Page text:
Henry M. DRIGGERS, Appellant, v. Robin Y. DRIGGERS, Appellee.
Henry M. Driggers, the former husband, appeals an order denying his motion to modify his alimony obligations, and granting the former wife's, Robin Y. Driggers, motion for contempt for his failure to pay alimony. We have jurisdiction. See Fla. R.App. P. 9.130(a)(4). The trial court abused its discretion in finding no change in circumstances warranting a reduction in alimony. Additionally, no competent substantial evidence supports a finding of contempt. Accordingly, we reverse.
The trial court dissolved the parties' marriage in 2003 and ordered Mr. Driggers to pay $1250 per month in permanent periodic alimony. Mr. Driggers timely met this obligation until sometime in 2011. In late 2011, Mrs. Driggers moved for contempt, alleging that Mr. Driggers had not paid alimony since May 2011. In response, Mr. Driggers petitioned to abate, terminate, or reduce his alimony obligation due to his changed circumstances.1
Mr. Driggers, with his two sons, owns and operates an air conditioning business. Business activity has dropped forty percent since 2008–09. Efforts to reinvigorate the business have yielded little. Mr. Driggers' monthly income now totals $1154, with monthly expenses of $1168.25. Mr. Driggers has no ability to take more money from the business. Furthermore, his age precludes him from obtaining new employment. Mrs. Driggers presented no contravening evidence. She focused, instead, on the fact that Mr. Driggers, apparently through his business, maintains a lease on Georgia hunting property, where he spends up to sixty days a year. Mr. Driggers countered that the modest lease payment paid for itself by generating business from referral sources.
Since the 2003 dissolution, Mrs. Driggers' income increased to over $3400 per month. Despite some health ailments, she has enjoyed substantial employment. She spends money on discretionary items for family, friends, pets, and entertainment. She owns real property and has retirement savings. In contrast, Mr. Driggers has few assets. He owns an old Ford F–250 truck that he uses for work, a four-wheeler of little value, and a tractor of little value. The trial court valued these assets at slightly over $6500.
The trial court denied Mr. Driggers' petition for modification. It concluded that there were no material changes in his circumstances because his expenses were paid by his business and he voluntarily elected to spend several weeks a year at the Georgia hunting camp. The trial court also granted the former wife's motion for contempt.
We review the trial court's findings regarding modification of alimony for an abuse of discretion. See Wilson v. Wilson, 37 So.3d 877, 881 (Fla. 2d DCA 2010) (citing Leonard v. Leonard, 971 So.2d 263, 266 (Fla. 1st DCA 2008)).
In considering modification the court can and should take into consideration all factors and contrast the total circumstances at the time of the original order with all the current circumstances. Generally, to justify an alimony modification, the moving party must establish: (1) a substantial change in circumstances; (2) the change was not contemplated at the time of the final judgment of dissolution; and (3) the change is sufficient, material, permanent, and involuntary.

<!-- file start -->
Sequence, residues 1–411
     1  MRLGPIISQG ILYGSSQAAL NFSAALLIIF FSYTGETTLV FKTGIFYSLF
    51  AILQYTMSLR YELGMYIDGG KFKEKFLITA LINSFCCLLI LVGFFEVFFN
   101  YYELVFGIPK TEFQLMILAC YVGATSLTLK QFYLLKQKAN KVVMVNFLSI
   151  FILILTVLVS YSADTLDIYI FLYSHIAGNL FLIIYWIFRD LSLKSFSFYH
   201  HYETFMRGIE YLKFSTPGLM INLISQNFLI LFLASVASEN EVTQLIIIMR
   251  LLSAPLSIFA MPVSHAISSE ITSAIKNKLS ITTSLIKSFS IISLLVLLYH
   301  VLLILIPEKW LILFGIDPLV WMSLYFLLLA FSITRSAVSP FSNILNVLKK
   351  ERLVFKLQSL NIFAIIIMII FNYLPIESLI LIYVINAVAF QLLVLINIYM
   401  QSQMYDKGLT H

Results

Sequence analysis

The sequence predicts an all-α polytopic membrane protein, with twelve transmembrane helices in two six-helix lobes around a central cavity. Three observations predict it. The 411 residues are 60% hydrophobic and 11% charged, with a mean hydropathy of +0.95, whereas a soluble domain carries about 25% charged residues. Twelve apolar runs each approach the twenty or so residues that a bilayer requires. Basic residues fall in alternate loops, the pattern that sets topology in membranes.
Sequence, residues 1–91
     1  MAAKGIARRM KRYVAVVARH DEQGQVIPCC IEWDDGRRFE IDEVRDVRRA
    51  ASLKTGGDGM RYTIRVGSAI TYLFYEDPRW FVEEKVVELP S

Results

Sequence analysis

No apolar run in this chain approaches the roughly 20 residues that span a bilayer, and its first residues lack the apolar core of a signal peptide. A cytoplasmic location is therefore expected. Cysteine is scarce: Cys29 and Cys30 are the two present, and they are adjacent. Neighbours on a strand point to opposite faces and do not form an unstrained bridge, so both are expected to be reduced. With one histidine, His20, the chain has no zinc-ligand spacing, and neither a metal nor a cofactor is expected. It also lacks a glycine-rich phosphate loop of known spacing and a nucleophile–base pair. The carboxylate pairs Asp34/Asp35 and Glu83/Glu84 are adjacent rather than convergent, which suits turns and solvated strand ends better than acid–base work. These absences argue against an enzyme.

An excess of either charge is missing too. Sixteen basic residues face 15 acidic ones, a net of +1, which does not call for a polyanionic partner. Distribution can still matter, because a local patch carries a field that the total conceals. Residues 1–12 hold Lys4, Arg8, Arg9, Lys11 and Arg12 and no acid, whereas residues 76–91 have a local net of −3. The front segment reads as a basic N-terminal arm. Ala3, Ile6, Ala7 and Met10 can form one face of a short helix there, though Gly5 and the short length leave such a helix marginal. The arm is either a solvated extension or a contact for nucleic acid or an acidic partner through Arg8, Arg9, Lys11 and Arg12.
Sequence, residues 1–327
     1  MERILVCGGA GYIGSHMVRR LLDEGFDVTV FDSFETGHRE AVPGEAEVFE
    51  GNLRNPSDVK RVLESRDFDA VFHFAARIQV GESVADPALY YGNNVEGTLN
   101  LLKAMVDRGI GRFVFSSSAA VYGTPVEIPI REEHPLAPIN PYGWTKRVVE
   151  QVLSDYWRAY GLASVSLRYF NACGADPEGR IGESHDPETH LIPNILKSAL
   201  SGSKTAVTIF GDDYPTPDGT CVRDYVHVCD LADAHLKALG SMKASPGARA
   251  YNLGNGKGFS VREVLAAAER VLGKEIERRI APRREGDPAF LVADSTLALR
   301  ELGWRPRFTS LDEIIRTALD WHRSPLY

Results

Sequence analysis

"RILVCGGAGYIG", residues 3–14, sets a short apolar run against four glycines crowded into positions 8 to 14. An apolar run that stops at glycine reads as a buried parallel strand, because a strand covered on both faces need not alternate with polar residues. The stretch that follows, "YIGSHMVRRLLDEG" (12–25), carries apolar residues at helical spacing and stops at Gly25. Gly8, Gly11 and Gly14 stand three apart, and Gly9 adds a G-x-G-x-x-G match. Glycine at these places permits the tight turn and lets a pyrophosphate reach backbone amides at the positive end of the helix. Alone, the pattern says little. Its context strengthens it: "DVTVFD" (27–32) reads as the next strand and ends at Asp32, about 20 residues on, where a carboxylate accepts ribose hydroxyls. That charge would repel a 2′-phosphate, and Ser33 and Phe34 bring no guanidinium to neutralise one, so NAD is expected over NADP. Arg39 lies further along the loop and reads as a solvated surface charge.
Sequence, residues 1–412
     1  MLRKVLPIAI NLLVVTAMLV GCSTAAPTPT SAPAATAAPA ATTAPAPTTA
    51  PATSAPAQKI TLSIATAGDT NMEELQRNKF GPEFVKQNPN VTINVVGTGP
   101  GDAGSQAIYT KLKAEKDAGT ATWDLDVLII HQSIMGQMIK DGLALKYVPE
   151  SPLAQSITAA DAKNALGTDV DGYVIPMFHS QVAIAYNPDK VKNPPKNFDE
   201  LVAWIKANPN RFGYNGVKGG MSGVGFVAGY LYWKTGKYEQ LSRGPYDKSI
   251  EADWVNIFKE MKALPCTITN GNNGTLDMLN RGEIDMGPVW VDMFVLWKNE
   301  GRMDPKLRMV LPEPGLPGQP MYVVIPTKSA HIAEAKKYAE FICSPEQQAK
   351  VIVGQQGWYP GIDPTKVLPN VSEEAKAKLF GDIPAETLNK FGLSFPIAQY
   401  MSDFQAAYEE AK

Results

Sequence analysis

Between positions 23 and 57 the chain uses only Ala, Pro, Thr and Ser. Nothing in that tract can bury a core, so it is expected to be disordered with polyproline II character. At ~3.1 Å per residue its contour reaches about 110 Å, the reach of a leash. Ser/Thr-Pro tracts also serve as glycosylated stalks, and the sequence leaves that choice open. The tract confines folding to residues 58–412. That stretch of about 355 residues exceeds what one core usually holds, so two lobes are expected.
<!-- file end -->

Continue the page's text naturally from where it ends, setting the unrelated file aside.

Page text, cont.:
Id., 37 So.3d at 880–81 (internal quotations and citations omitted).
Here, Mr. Driggers demonstrated an uncontemplated substantial change in circumstances that was not voluntary or temporary. He established a forty-percent drop in his business income, which was not likely to improve soon, the unavailability of additional money to him from the business, lack of substantial assets to liquidate, and grim job expectations. See Antepenko v. Antepenko, 824 So.2d 214, 215 (Fla. 2d DCA 2002) (noting that a thirty-eight percent change in circumstances met the substantial change in circumstances test). His monthly expenses exceed his income. We emphasize that Mrs. Driggers failed to rebut Mr. Driggers' evidence.
Under these circumstances, we must also conclude that the contempt order is unsupported by competent substantial evidence and constitutes an abuse of discretion. See Sabatini v. Wigh, 98 So.3d 244, 246 (Fla. 1st DCA 2012) (holding that contempt judgment is clothed with a presumption of correctness subject to be overturned only upon a clear showing that trial court abused its discretion or departed so substantially from the essential requirements of law as to have committed fundamental error; affirming contempt finding because it was supported by competent substantial evidence); Harris v. Hampton, 70 So.3d 747, 748 (Fla. 4th DCA 2011) (same iteration regarding presumption of correctness and abuse of discretion standard); Rojo v. Rojo, 84 So.3d 1259, 1262 (Fla. 3d DCA 2012) (applying abuse of discretion standard of review in context of civil contempt); Jaffe v. Jaffe, 17 So.3d 1251, 1253 (Fla. 5th DCA 2009) (reviewing for abuse of discretion the trial court's decision to exercise its power to find a party in civil contempt).
Unquestionably, the final judgment of dissolution created a presumption that Mr. Driggers has the ability to pay alimony. He bears the burden to show that he can no longer pay due to changed circumstances. See Kossmann v. Kossmann, 550 So.2d 168, 169 (Fla. 2d DCA 1989) (citing Bowen v. Bowen, 471 So.2d 1274 (Fla.1985) and Connolly v. Connolly, 543 So.2d 356 (Fla. 2d DCA 1989)). Mr. Driggers met that burden with a substantial amount of unrebutted evidence. See id.
The trial court abused its discretion when it denied Mr. Driggers' motion to abate, terminate, or reduce alimony based on his substantial change in circumstances and granted Mrs. Driggers' motion for contempt. We reverse and remand to the trial court for further proceedings.
Reversed and remanded.
1. By January 2013, the time of the hearing on the competing motions, the alimony arrearage totaled $25,000.
SILBERMAN and CRENSHAW, JJ., Concur.